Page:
The amount of carbohydrates we should be consuming is a much debated topic.
The dietary guidelines suggest that we get about half of our calories from carbohydrates.
On the other hand, some claim that carbohydrates can lead to obesity and type 2 diabetes and that most people should avoid them.
There are good arguments on both sides, but our bodies need carbohydrates to function well.
This article goes into detail about carbohydrates, their health effects, and how to make the best choices for yourself.
Carbohydrates, or carbohydrates, are molecules with atoms of carbon, hydrogen, and oxygen.
In nutrition, “carbohydrates” refers to one of the three macronutrients. The other two are protein and fat.
Dietary carbohydrates can be divided into three main categories:
- Sugar. These are sweet, short-chain carbohydrates found in foods. Examples are glucose, fructose, galactose and sucrose.
- Strengthen. These are long chains of glucose molecules that are eventually broken down into glucose in the digestive system.
- Fiber. Humans cannot digest fiber, but the bacteria in the digestive system can use some of it. Also, eating fiber is vital to your overall health.
One of the primary purposes of carbohydrates in our diet is to provide energy to our bodies.
Most of the carbohydrates are broken down or converted into glucose, which can be used as energy. Carbohydrates can also be converted into fat (stored energy) for later use.
Fiber is an exception. It doesn’t provide energy directly, but it does feed the friendly bacteria in the digestive system. These bacteria can use the fiber to produce fatty acids that some of our cells can use for energy.
Sugar alcohols are also classified as carbohydrates. They taste sweet but usually aren’t high in calories.
Carbohydrates are one of the three macronutrients. The main types of carbohydrates in food are sugar, starch, and fiber.
“Whole” vs. “Refined” carbohydrates
Not all carbohydrates are created equal.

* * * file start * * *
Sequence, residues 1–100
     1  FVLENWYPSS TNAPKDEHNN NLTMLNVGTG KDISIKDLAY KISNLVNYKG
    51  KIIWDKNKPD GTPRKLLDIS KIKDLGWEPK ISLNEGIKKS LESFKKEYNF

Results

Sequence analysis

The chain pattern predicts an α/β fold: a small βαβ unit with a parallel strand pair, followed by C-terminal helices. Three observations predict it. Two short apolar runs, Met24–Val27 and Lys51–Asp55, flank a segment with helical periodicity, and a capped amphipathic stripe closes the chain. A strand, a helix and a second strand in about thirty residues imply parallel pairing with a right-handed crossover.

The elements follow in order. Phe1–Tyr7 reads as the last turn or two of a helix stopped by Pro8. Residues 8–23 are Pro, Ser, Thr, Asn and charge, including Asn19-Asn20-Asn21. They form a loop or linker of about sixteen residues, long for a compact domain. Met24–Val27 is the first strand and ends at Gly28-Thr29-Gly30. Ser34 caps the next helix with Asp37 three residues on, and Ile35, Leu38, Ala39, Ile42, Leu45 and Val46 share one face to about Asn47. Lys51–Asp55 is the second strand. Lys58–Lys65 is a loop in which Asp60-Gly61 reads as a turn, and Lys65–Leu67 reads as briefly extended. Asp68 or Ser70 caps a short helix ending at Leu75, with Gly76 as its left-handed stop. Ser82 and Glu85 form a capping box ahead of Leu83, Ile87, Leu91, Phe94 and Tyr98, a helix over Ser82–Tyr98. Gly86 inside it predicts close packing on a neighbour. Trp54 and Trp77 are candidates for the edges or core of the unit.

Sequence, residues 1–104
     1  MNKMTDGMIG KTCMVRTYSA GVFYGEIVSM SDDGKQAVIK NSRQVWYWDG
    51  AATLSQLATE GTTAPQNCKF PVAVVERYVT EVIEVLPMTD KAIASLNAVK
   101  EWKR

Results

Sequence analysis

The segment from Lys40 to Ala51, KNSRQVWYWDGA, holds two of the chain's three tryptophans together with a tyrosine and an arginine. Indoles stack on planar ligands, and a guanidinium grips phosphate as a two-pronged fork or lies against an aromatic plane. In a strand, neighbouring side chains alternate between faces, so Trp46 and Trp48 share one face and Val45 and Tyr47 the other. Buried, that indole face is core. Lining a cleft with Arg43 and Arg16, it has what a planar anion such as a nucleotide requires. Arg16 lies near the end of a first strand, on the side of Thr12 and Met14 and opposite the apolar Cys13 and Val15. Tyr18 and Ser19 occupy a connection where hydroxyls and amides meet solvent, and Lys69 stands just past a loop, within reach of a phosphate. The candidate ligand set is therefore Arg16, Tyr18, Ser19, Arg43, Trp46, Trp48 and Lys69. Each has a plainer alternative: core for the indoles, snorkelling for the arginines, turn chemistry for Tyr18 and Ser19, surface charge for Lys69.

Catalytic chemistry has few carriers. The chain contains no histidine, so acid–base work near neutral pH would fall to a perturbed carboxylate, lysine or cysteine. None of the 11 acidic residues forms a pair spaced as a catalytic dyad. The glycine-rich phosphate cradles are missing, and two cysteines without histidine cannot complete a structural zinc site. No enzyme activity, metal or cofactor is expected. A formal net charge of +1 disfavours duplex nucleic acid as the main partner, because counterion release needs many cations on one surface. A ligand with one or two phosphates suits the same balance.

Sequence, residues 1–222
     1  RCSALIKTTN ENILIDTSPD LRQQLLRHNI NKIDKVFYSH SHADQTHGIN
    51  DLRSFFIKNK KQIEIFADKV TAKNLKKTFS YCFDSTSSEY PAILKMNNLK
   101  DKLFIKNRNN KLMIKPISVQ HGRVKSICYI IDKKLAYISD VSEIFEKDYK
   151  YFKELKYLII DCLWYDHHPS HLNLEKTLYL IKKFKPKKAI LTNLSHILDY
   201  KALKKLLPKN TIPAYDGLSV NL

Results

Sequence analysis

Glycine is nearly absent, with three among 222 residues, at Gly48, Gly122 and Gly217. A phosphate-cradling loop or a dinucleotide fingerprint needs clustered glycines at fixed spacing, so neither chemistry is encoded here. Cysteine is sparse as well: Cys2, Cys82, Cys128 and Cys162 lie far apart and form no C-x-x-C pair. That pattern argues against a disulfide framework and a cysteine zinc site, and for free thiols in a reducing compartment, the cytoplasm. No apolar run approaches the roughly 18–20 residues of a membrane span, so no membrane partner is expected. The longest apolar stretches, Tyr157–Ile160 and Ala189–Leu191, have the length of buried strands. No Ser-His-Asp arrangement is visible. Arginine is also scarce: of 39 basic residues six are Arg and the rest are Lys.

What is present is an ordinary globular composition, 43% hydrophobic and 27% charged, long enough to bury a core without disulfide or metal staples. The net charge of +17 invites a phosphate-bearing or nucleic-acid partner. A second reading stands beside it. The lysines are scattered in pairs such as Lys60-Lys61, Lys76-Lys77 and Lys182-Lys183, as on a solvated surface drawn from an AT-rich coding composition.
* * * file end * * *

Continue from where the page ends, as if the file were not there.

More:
There are many different types of carbohydrate foods that can vary in their health effects.
Carbohydrates are sometimes referred to as “simple” versus “complex” or “whole” versus “refined”.
Whole carbohydrates are unprocessed and contain the fiber found naturally in the diet, while refined carbohydrates have been processed and the natural fiber has been removed or altered.
Examples of whole carbohydrates are:
- Andean millet
- full grain
On the other hand, refined carbohydrates include:
- sugar-sweetened drinks
- White bread
- other items made from white flour
Numerous studies show that consumption of refined carbohydrates is linked to health conditions such as obesity and type 2 diabetes (1, 2, 3).
Refined carbohydrates tend to drive blood sugar levels up, leading to a subsequent crash that can induce hunger pangs and lead to food cravings (4, 5).
In addition, they usually lack important nutrients. In other words, they are “empty” calories.
There are also added sugars that should be limited as they have been linked to all sorts of chronic diseases (6, 7, 8, 9).
However, not all carbohydrate foods should be demonized because of the negative health effects of processed products.
Whole carbohydrate sources are loaded with nutrients and fiber and don’t cause the same spikes and dips in blood sugar levels.
Numerous studies of high-fiber carbohydrates, including vegetables, fruits, legumes, and whole grains, show that consumption is linked to improved metabolic health and a lower risk of disease (10, 11, 12, 13, 14).
Not all carbohydrates are created equal. Refined carbohydrates have been linked to obesity and metabolic disorders, but unprocessed carbohydrates have many health benefits.
No discussion of carbohydrates is complete without mentioning low-carbohydrate diets.
These types of diets limit carbohydrates while allowing plenty of protein and fat.
Although there are studies showing that a low-carb diet can help you lose weight, they usually focus on people with obesity, metabolic syndrome, and / or type 2 diabetes.
Some of these studies show that a low-carb diet can promote weight loss and lead to improvements in various health markers, including HDL “good” cholesterol, blood sugar, blood pressure, and others compared to the standard “low-fat” diet (15, 16, 17, 18, 19 ).
However, a review of more than 1,000 studies found that low-carbohydrate diets produced positive results in less than and after 6–11 months, but after 2 years there was no significant effect on cardiovascular risk factors (20).
In addition, a National Health and Nutrition Examination Survey in 1999-2010 that analyzed low-carbohydrate diets and the risk of death found that those who consumed the least amount of carbohydrates were prone to die prematurely from all causes, including Stroke, cancer, and coronary artery disease (21, 22, 23).
Just because low-carbohydrate diets can be beneficial for weight loss for some people, they are not the answer for everyone.
“Carbohydrates” are not the cause of obesity
Although limiting carbohydrates can lead to weight loss, it does not mean that the consumption of carbohydrates in itself caused the weight gain.